Mephisto 3186 – Spring ahead, fall back

I found this one rather tough, but I eventually finished.   This was the first time I had used one of Paul’s puns to get an answer, and that proved very helpful in opening up the right-hand side.   Unfortunately, there are one or two I can’t parse, but maybe some of our erudite commenters can elucidate these.    I am getting a little better with obscure vocabulary, but didn’t help my cause any by proudly biffing dern for 9 down, despite not being able to parse it.   I suspect I’ll be a little relieved to turn to a Don Manley this week, even though it’s not my blog.

Right to hold spoon, say, close to chin (4)
LIEN – LIE + [chi}N.   Not sure what’s going on here – does this refer to a spoon lay?
4 Kids’ cave with ordinary opening (8)
FOREWORD – FORE + W + ORD.   Again I’m not quite sure what is going on in  the first element.
10 Oddly winsome fille I labelled falsely European (10, two words)
11 Subject to moan we revised individual’s job description (8)
ONE-WOMAN – Anagram of TO MOAN WE,
13 Fighting aircraft accommodating upper-class male (6)
KUMITE – K(U,M)ITE, to give a martial art I never heard of.
14 Who finds fault with being held by coroner? (6)
CENSOR – C(ENS)OR, which forced me to rethink dern.
16 Punt is stuffed by learner’s sloshes (5)
18 Cordial Middle Easterner and Crown Office cancelling article (7)
PERSICO – PERIS[an] + C.O.  Fortunately not defined as Carmine!
20 Old light burning in fort (5)
FLITT – F(LIT)T, where the literal means an old word for light in the sense of fleeting or inconsequential.
21 Scots coup it to be highly wicked (5)
TROCK – ‘T ROCK.   Coup is a Scots word meaning trade or exchange, and so it trock. 
23 Say, a suffix lacking power (7)
25 Old hat’s spoiled. Damn and blast! (5)
OATHS – Anagram of O HAT’S – and a DBE.
28 Terrible Tudor’s town (6)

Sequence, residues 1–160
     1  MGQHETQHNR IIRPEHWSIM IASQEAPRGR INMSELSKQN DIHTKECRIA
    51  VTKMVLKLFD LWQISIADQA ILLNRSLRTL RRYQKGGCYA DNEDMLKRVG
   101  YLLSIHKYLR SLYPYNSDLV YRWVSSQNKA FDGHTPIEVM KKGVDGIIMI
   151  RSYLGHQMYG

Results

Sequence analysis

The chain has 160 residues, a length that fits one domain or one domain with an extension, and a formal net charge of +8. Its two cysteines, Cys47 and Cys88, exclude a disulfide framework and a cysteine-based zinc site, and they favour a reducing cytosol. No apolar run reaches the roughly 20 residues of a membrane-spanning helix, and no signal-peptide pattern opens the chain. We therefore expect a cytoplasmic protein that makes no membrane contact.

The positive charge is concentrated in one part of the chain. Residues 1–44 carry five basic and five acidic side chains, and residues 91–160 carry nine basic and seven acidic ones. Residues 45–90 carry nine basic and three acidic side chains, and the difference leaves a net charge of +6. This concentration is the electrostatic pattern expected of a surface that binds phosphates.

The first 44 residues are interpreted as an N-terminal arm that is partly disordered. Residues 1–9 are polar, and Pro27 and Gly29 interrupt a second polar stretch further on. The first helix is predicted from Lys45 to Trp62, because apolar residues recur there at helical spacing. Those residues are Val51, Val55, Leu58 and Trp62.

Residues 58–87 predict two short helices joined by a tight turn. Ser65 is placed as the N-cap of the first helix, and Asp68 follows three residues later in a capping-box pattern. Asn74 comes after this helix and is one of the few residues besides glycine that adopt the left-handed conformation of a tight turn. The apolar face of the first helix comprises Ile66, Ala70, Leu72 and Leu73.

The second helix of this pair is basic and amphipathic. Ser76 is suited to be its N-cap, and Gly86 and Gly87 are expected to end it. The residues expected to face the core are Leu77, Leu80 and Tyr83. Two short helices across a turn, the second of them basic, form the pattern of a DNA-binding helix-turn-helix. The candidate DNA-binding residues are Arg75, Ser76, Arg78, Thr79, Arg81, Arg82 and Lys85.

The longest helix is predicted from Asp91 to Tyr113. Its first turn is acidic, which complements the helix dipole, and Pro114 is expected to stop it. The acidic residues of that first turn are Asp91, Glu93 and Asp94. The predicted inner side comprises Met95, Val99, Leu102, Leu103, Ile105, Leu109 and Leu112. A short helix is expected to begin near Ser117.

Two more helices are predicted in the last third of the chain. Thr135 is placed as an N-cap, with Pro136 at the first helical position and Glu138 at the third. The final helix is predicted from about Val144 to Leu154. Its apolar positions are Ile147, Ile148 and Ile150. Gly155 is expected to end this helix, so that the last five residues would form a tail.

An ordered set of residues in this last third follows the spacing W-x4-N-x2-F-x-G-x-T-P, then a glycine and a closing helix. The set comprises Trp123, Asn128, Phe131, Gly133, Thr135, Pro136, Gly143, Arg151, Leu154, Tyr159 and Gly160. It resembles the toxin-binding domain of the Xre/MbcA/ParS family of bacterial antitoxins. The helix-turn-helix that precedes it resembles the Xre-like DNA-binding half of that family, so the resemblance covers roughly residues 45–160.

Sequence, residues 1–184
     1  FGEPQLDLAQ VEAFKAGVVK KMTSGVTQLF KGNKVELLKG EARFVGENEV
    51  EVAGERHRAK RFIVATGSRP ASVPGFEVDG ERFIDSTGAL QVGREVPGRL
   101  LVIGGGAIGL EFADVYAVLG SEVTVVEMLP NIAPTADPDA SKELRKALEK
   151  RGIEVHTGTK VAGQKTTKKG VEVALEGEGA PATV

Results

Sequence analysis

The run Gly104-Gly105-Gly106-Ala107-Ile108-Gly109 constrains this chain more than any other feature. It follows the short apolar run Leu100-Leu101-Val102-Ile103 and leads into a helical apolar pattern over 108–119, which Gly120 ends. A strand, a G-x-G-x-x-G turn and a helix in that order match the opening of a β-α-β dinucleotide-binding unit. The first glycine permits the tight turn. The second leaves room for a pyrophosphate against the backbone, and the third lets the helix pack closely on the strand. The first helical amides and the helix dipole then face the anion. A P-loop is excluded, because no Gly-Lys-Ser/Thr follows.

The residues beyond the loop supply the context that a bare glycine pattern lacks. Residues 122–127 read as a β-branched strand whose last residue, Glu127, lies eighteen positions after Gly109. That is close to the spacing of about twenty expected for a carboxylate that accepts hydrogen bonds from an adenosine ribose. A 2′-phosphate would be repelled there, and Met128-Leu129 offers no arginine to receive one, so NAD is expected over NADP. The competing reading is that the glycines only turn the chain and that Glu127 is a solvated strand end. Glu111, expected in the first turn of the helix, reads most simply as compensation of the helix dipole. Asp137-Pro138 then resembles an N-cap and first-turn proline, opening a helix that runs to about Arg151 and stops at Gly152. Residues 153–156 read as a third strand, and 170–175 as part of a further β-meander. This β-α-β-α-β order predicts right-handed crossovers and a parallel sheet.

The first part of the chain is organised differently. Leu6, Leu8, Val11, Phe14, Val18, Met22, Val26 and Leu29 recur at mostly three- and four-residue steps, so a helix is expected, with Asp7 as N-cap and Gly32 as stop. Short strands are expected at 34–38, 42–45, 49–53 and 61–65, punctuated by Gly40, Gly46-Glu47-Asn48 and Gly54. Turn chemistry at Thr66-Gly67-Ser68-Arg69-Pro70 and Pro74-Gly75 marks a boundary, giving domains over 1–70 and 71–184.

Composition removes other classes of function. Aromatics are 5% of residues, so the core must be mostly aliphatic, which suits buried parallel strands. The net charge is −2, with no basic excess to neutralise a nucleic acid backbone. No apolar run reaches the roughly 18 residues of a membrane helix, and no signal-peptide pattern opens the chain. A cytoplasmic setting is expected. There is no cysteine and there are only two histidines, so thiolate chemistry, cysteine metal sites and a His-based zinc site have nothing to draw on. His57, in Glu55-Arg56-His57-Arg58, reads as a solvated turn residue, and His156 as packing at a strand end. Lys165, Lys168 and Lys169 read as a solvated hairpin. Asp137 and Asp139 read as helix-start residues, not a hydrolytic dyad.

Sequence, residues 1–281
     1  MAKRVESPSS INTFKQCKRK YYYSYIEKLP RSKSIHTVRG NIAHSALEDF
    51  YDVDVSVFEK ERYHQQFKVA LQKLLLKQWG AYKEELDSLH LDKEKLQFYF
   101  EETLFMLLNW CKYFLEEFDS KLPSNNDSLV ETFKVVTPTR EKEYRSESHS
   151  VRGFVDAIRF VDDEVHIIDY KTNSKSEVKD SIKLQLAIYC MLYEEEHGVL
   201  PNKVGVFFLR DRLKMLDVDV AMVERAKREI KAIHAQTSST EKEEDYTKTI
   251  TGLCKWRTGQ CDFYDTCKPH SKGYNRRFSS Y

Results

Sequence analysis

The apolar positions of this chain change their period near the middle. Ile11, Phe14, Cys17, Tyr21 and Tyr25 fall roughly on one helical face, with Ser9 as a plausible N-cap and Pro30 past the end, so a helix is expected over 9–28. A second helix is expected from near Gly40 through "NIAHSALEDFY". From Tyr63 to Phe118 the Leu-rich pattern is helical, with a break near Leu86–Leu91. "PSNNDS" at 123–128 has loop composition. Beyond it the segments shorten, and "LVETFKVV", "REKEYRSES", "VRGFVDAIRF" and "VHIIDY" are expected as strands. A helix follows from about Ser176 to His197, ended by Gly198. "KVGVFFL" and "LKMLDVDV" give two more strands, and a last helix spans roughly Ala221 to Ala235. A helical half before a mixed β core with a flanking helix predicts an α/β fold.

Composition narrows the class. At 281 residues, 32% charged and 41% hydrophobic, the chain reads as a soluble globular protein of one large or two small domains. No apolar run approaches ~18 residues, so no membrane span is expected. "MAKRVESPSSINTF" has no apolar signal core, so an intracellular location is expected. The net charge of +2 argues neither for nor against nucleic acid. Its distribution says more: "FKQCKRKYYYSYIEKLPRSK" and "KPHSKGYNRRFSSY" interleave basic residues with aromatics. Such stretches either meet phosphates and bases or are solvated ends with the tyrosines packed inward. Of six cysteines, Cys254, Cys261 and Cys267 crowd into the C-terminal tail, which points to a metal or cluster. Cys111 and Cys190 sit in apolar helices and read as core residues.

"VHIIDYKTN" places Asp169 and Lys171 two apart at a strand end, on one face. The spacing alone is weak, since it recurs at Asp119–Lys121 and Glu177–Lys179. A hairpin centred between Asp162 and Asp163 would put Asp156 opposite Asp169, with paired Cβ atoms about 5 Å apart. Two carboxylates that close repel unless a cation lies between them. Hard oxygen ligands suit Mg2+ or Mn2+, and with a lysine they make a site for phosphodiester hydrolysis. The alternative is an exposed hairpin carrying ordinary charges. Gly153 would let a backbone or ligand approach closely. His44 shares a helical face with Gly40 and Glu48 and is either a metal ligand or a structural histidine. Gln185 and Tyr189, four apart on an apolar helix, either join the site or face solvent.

STROUD – Anagram of TUDOR’S.
29 Tree within part of Tibetan temple circling pole (6)
MOPANI – The answer is easy enough, but I don’t see the cryptic – is N the pole?
30 Take up, please, a kilt (8)
FILLIBEG – FILL I BEG, one I biffed.
31 Want a sarcastic term of esteem that’s out of use, alas! (10)
32 Where Fahrer drives about freely? Nah, recklessly (8)
AUTOBAHN – Anagram of ABOUT followed by an anagram of NAH.
33 I’m avoiding physician before pre-match performance (4)
HAKA –  An obvious biff, but I can’t see the cryptic.
1 Opening couplet from Lovelace certainly ready for respect (8, three words)
LOOK UP TO –  LO[velace] + OK + UP TO.
2 I struggle with sums? Uni and me aren’t suitably disposed (10)
INNUMERATE – Anagram of UNI and ME AREN’T. 
3 Women diving into Seine, racily modern stuff (6)
NEWIES – Anagram of SEINE around W, where racily refers to the slangishness of the answer.
4 Fine once due on a trading transport group (5)
FLOTA –  FLOR + A.   You can add that one to scot and lot.
5 Old Mexican’s some cool mechanic (5)
OLMEC –  Hidden in [co]OL MEC[anic], my FOI.
6 I respond as head of Jewish seminary accepting answer (7)
REACTOR – RE(A)CTOR, simpler than you would expect.
7 Nimble for some is short of colour, Carol goes without second (6)
WANNEL – WAN + N[o]EL.   I had wandle for a while, but saw it wouldn’t do – there is no carol meaning of dale or dole
8 Unpleasant film goes cravenly over slaughter (8, two words)
OIL SLICK –  OILS + LICK, with a slang meaning of oil as a verb.
9 Old salt’s not entirely old secret (4)
DEAR – DEAR[n]. 
12 Grit and audacity in a style of some axemen? (10)
BOTTLENECK – BOTTLE + NECK.   Axemen like Duane Allmann, that is.
15 Sustain deal involving piffle that’s central to Boris (8)